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Hydrosalpinx

 

 

Hydrosalpinx - It is a Disease

Hydrosalpinx (a fallopian tube closed at the end and distended with fluid) has been known to the medical profession for ages. It is usually a consequence of pelvic infectious/inflammatory disease spreading into the fallopian tubes and pelvis via the cervix and uterus. Some of these diseases manifest themselves with significant clinical symptoms (pain, fever, malaise, nausea). However, some of them might go unnoticed because the symptoms of pelvic infection/inflammation are mild and may be misinterpreted as urinary bladder infection or "bowel" problems.

For patients who have hydrosalpinx on both sides of the fallopian tube, the only possible chance for having a "natural" conception is surgery. Because of the delicacy and intricacy of tubal surgery, new microsurgical techniques were developed by surgeons interested and experienced in this particular area.

The Society of Reproductive Surgeons was formed many years ago. Besides the repairing of fallopian tubes, the Society also became interested in other efforts of surgical correction of diseases which may affect the ability to conceive and cause numerous other health problems. Since the invention of In Vitro Fertilization (IVF), surgery on fallopian tubes has been pushed off the main interest of infertility specialists, but not forgotten. Unfortunately, there are some centers were the only expertise available to infertility patients is IVF. Surgical experience and know-how might not be available.

Within the last year, a number of centers have reported the harmful effect of hydrosalpinx and a lower conception rate in patients who are undergoing attempts of IVF without repairing the tubal disease. Frankly, it is not surprising. There is no question that hydrosalpinx is a disease and disease is never good for any type of living organism, including the patient (carrier of the disease) and her embryos. In scientific reports, terms like "highly toxic fluid of hydrosalpinx" or "significantly toxic fluid" are routinely used to describe what happens to small embryos transferred into the uterine cavity that contains traces of fluid from hydrosalpinx leaking from the tube into the uterus. What is missing is information on the effect of this toxic substance on the well-being of the mother herself.

Microsurgery on fallopian tubes is making a comeback. Various centers recommend removal of the tube or closure of the connection from the hydrosalpinx into the uterus. However, a surgical repair of the hydrosalpinx remains the best way to deal with the diseased pelvic organs and their toxic effect on the mother and her baby.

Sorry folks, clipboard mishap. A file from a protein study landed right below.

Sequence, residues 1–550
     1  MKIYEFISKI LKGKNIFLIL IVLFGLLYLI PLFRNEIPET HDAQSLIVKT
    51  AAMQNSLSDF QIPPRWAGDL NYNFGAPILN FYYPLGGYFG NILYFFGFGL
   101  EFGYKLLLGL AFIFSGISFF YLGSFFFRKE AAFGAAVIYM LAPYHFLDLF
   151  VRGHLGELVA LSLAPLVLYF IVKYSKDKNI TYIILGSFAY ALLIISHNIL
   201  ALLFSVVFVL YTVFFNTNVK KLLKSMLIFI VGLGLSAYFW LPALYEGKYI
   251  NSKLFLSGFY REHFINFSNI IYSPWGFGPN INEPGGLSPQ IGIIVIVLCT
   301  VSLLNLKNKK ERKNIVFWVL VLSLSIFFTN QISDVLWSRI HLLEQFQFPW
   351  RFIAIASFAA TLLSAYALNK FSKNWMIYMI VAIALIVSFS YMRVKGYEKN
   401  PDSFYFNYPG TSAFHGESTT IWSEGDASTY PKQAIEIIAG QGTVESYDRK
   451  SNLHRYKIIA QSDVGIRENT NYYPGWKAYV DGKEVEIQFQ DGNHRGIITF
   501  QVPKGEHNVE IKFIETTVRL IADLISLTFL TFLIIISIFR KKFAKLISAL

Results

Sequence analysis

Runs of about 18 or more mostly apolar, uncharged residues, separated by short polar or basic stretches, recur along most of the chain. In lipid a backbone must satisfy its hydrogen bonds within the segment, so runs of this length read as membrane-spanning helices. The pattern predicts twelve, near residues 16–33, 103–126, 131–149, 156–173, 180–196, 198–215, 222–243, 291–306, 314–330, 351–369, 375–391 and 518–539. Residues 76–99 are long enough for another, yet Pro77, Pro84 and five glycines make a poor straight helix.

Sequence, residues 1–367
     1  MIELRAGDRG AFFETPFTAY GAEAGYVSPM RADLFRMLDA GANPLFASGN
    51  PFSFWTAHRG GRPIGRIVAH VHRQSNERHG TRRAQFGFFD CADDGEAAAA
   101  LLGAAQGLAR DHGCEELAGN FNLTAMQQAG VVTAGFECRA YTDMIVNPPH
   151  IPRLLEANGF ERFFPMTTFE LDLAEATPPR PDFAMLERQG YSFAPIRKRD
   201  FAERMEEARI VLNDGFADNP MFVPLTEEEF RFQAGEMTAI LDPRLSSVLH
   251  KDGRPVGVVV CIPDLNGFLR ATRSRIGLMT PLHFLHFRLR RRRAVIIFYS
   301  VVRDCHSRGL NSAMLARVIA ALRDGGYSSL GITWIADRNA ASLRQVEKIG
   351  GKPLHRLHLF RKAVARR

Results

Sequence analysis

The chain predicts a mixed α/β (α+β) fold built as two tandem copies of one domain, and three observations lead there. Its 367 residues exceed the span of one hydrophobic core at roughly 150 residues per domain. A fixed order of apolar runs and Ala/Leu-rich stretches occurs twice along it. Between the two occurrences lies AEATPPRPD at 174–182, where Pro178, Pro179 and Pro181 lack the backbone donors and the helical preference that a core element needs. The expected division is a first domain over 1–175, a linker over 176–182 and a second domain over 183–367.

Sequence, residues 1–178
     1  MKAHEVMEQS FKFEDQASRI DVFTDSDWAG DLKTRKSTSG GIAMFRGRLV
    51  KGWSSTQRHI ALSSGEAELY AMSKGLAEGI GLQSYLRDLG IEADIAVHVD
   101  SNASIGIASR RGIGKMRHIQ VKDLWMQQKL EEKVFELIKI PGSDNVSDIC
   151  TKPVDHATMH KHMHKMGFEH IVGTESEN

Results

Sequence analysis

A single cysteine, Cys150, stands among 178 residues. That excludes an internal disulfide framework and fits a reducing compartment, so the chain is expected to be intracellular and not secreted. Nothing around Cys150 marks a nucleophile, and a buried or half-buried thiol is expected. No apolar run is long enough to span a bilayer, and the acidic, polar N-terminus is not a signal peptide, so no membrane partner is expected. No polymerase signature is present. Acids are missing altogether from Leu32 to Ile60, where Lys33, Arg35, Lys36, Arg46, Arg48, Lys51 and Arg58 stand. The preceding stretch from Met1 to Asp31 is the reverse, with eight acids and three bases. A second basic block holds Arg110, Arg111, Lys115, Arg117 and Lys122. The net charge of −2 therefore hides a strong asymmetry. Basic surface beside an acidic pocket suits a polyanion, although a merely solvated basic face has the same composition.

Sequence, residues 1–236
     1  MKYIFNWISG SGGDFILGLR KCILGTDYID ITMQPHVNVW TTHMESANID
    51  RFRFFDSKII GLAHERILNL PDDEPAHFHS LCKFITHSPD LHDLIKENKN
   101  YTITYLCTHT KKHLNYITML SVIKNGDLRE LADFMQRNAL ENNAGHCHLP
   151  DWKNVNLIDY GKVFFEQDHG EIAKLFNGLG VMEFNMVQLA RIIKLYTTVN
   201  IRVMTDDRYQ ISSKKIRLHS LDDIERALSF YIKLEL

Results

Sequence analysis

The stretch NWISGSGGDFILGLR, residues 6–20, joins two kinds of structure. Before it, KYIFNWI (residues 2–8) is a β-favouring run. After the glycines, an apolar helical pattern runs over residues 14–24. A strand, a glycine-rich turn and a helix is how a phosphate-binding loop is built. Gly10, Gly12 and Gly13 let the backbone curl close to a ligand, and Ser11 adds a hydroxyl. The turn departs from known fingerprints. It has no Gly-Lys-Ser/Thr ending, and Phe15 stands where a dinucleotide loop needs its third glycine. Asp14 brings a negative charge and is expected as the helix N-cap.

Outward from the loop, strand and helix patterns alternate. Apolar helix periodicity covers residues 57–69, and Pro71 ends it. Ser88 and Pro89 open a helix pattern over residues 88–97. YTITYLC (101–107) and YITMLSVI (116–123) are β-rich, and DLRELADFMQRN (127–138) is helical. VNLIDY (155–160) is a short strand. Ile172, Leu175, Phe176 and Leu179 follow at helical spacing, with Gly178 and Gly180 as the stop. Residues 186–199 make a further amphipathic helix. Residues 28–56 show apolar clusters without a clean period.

Removal of the tube (salpingectomy) has been viewed with skepticism because once the tube is removed, there is no way to undo this particular procedure. A number of researchers have studied changes in ovarian function in situations where extensive destructive surgery is performed on the tube (or sometimes even lesser intervention, i.e., tubal sterilization). The tube and ovary share a significant part of the blood supply and destruction of one conceivably can affect the other.

Closure of the part connecting the hydrosalpinx with the uterus is not advisable. Normally, fluid from the fallopian tube leaks inside the uterine cavity, and thus does not cause excessive distention. Once this channel is blocked, the fluid has nowhere to go and the tube balloons up. Clinical experience has taught us that patients whose tubes are closed at both ends usually have extremely large hydrosalpinx, which sooner or later necessitates surgical intervention.

Surgical repair of the hydrosalpinx (salpingostomy) has been performed for decades. The success of the surgery was improved by careful pre-operative and post-operative management and the introduction of the surgical microscope and microsurgical techniques and instruments such as laparoscopy. This usually means a significant prolonging of the operating time itself, and not all physicians are willing to spend several hours in the operating room doing their best to re-establish the patency of the fallopian tubes. Thus, the domain of this type of surgery has been limited to a few reproductive surgeons. With the proper use of the available surgical techniques and pre and post-operative management, the results of reparative surgeries have been improving continuously since the mid-1960's.

It has been our firm belief that disease should be treated and wherever possible, eliminated. In today's systems of delivery of medical care, patients might hear more and more frequently that this or that disease, including hydrosalpinx, does not need to be treated. It does!

Based on 50 years of experience and recent scientific data, we believe that hydrosalpinx should be treated even in patients who are not planning to get pregnant and definitely in those who are hoping to conceive.
 

 

 

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Last modified: 06/09/04